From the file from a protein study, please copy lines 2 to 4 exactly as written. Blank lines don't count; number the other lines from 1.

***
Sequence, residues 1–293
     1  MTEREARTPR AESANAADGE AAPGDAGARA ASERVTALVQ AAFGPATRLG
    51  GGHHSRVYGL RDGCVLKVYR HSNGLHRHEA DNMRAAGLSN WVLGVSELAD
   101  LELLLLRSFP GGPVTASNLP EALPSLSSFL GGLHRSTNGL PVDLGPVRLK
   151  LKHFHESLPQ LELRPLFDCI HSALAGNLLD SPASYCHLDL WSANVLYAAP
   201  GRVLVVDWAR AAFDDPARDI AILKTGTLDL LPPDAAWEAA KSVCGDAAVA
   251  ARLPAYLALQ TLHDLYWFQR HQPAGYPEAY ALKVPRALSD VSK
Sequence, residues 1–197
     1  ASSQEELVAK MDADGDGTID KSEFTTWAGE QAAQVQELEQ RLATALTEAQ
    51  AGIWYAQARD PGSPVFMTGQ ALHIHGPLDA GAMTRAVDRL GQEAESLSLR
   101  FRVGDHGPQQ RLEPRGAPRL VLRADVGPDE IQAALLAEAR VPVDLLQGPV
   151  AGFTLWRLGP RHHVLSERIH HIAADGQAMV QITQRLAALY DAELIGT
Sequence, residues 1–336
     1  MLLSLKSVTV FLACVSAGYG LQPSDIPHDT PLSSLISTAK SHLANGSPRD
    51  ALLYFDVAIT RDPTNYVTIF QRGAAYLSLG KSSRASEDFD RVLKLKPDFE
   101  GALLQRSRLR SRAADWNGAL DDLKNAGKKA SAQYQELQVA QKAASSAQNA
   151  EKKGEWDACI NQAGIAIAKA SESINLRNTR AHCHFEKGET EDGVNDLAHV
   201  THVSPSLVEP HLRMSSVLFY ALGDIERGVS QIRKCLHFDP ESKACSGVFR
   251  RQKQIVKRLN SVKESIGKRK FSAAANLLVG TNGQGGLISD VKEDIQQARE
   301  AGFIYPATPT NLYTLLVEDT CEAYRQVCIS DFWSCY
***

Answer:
     1  MTEREARTPR AESANAADGE AAPGDAGARA ASERVTALVQ AAFGPATRLG
    51  GGHHSRVYGL RDGCVLKVYR HSNGLHRHEA DNMRAAGLSN WVLGVSELAD
   101  LELLLLRSFP GGPVTASNLP EALPSLSSFL GGLHRSTNGL PVDLGPVRLK